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Queen's University


Part 2: Collect and Analyze Feedback on Your Teaching

Collecting formalized feedback on your teaching is a helpful for identifying successful teaching practices and areas for improvement. It can also be used to measure your development as an instructor over time.

For Part 2 of the Certificate in Practical Experience, you are required to engage in the collection and analysis of formalized feedback from the teaching experience gained in Part 1. This involves two steps:

Step 1: Collect Feedback on the Teaching Experience Gained in Part 1

There are many ways in which one could formally collect feedback on teaching. Consider the following approaches to collecting feedback:

  • Distribute a one-page survey to participants at the end of your teaching session. This Teaching Evaluation Survey Template (.docx) can be utilized in designing your own survey.
  • Invite participants to complete an online survey after the teaching session. Here are some strategies and tips for conducting online surveys for teaching feedback.
  • Invite participants to a focus group discussion, led either by you or by a colleague. The focus group might focus on discussion about the nature of your teaching, including successes and areas for improvement. Here are some strategies and tips for leading a focus group for teaching feedback.
  • Have a colleague, faculty member, Educational Developer (ED) or an Educational Development Associate (EDA) conduct an observation of your teaching. Note: Because the observing ED/EDA would provide written record of their observations and sit down with you afterwards to discuss their feedback, you would be meeting Step 1 and 2 of collecting and analyzing feedback on your teaching. To arrange an observation, please email the CTL at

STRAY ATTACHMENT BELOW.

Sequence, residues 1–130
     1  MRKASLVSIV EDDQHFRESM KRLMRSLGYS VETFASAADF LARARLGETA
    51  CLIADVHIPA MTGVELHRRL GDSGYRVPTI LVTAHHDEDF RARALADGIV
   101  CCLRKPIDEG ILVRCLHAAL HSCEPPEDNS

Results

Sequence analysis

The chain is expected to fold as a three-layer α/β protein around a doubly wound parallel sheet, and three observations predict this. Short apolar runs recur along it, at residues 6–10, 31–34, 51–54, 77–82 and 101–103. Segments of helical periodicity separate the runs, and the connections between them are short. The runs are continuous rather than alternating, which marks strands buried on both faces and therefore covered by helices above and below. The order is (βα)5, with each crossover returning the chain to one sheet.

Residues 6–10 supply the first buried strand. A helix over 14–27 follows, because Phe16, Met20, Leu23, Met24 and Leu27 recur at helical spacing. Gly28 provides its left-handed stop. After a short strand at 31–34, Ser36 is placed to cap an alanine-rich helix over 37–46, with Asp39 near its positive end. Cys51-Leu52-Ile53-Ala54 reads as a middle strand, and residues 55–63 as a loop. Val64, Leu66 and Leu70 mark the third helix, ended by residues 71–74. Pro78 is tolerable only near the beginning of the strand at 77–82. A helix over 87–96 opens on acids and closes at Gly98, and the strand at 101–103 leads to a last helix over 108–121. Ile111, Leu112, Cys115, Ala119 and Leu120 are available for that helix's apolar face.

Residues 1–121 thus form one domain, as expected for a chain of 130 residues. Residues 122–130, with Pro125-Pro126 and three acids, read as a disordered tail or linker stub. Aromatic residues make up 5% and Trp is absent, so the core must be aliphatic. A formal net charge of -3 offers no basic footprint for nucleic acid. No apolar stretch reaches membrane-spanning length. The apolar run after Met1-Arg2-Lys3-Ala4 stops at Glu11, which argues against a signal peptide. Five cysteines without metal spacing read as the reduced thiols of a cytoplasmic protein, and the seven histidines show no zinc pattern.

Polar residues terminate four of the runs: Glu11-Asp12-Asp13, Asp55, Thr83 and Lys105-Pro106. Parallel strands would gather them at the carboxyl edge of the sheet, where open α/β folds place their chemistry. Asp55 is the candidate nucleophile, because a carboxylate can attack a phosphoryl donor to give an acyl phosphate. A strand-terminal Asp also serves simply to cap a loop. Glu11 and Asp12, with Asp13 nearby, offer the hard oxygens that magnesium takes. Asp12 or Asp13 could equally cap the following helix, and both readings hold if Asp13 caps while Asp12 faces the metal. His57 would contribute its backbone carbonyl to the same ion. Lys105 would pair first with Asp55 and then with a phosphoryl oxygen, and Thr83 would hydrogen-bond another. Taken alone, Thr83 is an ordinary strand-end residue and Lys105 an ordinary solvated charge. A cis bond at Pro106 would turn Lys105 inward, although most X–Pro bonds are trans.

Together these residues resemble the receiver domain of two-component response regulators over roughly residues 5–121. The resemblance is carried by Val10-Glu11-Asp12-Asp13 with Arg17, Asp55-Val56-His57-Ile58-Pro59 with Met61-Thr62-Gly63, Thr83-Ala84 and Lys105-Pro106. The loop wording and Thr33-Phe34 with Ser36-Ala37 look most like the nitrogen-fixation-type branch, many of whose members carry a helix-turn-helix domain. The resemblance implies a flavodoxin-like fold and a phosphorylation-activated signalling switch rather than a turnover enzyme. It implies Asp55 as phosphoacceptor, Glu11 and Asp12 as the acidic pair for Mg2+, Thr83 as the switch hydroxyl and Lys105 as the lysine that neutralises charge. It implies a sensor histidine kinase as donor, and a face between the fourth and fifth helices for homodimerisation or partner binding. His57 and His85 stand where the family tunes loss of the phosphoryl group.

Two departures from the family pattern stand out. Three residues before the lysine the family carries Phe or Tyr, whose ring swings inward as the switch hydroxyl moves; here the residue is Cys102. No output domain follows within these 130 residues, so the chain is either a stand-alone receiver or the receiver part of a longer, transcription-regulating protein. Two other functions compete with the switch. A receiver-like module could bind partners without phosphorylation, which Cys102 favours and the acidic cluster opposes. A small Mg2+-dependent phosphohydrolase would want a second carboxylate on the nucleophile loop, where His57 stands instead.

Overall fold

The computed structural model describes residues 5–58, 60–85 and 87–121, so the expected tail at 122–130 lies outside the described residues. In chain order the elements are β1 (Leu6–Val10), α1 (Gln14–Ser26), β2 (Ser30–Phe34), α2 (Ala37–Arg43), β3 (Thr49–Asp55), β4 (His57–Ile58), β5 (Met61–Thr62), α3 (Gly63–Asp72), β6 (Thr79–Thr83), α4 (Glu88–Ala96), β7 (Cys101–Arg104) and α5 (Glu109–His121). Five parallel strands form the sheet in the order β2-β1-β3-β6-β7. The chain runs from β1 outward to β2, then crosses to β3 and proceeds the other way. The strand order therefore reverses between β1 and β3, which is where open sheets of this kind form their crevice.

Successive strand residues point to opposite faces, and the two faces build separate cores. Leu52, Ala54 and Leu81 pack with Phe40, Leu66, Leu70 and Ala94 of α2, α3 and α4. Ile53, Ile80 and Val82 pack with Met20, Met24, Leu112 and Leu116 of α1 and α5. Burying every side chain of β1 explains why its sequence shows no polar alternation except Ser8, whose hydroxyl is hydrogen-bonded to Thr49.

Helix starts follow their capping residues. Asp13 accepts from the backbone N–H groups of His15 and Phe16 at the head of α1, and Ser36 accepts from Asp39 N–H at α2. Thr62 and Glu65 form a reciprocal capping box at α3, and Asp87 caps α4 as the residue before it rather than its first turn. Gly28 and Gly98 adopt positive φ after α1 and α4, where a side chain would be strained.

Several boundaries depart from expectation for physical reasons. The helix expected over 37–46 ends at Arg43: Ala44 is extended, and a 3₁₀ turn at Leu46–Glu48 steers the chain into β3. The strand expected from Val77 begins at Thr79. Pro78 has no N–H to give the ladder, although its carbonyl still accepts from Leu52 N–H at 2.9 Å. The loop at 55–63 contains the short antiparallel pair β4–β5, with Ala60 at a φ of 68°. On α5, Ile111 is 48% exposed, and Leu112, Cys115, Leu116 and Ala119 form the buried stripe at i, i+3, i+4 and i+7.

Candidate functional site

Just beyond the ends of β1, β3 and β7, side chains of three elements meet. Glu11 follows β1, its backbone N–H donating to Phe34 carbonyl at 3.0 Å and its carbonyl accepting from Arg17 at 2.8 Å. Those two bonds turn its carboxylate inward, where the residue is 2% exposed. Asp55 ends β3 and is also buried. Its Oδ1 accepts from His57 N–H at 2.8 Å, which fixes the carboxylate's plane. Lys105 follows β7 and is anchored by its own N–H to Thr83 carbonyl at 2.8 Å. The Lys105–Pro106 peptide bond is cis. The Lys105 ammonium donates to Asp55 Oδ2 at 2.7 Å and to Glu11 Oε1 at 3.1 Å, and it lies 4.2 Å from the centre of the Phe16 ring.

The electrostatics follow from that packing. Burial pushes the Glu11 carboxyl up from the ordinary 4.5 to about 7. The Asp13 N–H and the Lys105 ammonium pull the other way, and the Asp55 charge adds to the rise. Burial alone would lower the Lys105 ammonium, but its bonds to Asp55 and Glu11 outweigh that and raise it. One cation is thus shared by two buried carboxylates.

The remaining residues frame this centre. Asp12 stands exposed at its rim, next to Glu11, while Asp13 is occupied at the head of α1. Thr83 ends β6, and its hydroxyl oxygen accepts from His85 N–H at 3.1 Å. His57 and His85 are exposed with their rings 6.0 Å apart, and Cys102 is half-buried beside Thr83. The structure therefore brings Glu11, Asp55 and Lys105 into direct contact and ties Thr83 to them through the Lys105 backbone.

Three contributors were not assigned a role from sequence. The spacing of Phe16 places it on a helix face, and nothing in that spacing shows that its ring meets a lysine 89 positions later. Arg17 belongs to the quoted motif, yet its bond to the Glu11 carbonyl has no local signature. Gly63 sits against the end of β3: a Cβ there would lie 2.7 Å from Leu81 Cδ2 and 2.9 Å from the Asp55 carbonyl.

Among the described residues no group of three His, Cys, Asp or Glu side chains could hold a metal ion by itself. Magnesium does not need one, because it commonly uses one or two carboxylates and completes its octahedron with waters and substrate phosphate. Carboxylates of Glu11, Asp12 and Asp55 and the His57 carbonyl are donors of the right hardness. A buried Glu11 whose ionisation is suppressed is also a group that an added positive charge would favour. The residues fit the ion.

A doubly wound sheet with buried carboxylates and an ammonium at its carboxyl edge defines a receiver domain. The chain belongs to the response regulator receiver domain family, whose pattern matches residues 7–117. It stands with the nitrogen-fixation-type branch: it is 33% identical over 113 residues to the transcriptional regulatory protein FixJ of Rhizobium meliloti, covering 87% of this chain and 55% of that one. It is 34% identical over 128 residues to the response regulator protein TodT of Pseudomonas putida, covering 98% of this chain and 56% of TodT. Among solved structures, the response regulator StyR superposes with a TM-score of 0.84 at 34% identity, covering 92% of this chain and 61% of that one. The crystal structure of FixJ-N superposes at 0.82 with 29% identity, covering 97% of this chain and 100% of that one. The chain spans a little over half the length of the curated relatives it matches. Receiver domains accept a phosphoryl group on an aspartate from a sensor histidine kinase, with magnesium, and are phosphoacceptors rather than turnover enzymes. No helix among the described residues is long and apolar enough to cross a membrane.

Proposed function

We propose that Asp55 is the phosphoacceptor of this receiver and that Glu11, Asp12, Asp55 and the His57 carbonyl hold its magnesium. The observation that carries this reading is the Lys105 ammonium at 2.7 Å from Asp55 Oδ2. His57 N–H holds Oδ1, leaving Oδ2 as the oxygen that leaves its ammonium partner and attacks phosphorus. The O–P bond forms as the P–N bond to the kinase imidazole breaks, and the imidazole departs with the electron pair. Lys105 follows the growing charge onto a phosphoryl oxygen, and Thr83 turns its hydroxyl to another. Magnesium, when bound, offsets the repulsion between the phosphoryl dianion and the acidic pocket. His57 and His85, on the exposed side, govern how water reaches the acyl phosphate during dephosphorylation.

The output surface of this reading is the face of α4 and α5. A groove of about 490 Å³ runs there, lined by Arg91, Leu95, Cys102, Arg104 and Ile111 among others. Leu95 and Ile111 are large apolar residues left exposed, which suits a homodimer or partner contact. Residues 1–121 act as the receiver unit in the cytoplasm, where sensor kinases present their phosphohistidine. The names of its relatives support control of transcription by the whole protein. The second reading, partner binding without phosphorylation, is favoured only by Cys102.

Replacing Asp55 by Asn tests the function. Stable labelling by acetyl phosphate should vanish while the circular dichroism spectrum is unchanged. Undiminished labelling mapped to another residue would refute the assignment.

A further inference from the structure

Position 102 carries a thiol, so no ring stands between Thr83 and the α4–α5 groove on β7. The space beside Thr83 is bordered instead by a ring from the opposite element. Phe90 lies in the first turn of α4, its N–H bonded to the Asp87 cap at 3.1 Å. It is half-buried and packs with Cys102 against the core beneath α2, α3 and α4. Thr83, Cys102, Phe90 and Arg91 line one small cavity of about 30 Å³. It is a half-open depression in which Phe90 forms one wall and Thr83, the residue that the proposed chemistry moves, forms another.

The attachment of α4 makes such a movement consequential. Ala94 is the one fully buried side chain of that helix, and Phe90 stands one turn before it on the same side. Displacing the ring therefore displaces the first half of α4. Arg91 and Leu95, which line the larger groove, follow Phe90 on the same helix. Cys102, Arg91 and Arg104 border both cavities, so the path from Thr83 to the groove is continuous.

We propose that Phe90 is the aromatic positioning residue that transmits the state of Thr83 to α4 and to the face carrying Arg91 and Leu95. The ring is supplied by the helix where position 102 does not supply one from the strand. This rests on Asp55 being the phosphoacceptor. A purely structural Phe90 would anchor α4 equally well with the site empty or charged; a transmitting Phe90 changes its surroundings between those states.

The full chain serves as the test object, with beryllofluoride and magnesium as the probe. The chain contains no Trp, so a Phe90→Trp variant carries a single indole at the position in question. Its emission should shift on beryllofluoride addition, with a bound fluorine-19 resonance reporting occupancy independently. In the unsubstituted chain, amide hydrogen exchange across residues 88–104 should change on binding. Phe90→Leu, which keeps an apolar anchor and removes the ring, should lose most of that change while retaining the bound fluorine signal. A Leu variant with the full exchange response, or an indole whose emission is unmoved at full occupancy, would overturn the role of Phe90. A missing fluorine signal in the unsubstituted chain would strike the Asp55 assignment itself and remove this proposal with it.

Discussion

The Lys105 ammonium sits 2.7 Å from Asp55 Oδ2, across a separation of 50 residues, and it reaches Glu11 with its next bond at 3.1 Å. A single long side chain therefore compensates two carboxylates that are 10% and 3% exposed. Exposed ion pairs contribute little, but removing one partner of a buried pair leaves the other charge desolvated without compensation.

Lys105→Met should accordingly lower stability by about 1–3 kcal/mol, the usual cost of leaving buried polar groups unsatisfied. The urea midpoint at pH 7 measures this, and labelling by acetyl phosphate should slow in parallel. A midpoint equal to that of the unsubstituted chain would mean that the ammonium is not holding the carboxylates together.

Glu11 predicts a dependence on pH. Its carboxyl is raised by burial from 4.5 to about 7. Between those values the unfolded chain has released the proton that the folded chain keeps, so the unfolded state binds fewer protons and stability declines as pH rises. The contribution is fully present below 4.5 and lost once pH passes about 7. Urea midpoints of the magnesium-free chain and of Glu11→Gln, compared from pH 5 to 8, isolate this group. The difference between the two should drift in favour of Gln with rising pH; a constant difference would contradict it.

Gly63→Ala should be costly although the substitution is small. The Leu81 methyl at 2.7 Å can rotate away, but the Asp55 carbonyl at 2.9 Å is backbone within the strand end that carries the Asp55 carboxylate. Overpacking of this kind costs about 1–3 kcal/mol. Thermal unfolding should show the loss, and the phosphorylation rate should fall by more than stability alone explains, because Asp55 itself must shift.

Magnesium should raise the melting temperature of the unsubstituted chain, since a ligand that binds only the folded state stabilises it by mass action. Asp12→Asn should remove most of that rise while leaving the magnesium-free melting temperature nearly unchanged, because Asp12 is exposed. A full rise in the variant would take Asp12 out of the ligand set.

To obtain the Certificate in Practical Experience, engage in one of the above approaches for collecting feedback on your teaching experience. Complete Part 2, Step 1 of the Checklist for Submission. 

Step 2: Analyze Collected Feedback

Now that you have collected your feedback, it’s time to make sense of it. This can be both an independent activity and a collegial activity – as you grow and develop as an instructor it is important to review feedback yourself but it is also important to gain mentorship from others within academia. Collegial relationships and mentorship are integral features of the university culture – they are in place to foster development of academic skills such as teaching and research. After you have engaged in a review of your feedback independently, seek out a colleague or mentor with whom you can discuss your teaching experiences. This colleague or mentor may be:

  • An ED or EDA at the Centre for Teaching and Learning (Please email to arrange a meeting)
  • A supervisor or supervisory committee member
  • A faculty member who was in attendance at your teaching session(s)
  • Another TA or the Lead/Head TA of the course you taught for
  • A peer from your program or department

Overall, you will want to choose someone who values teaching and supports your growth as an instructor. Someone you recognize as a teaching mentor (someone who wow’s you in the classroom) is a great person to approach. Your discussion may focus on what you felt was successful about your teaching experience and why, what was challenging about your teaching experience and why, the areas for improvement you have identified and some possible avenues for development and growth, or the teaching feedback you collected.

To obtain the Certificate in Practical Experience, analyze your feedback both independently and via discussion with a colleague or mentor as detailed above. Complete Part 2, Step 2 of the Checklist for Submission. Please note that the colleague or mentor you met with will be required to sign the checklist.

Additionally, here are some helpful strategies for analyzing teaching feedback.


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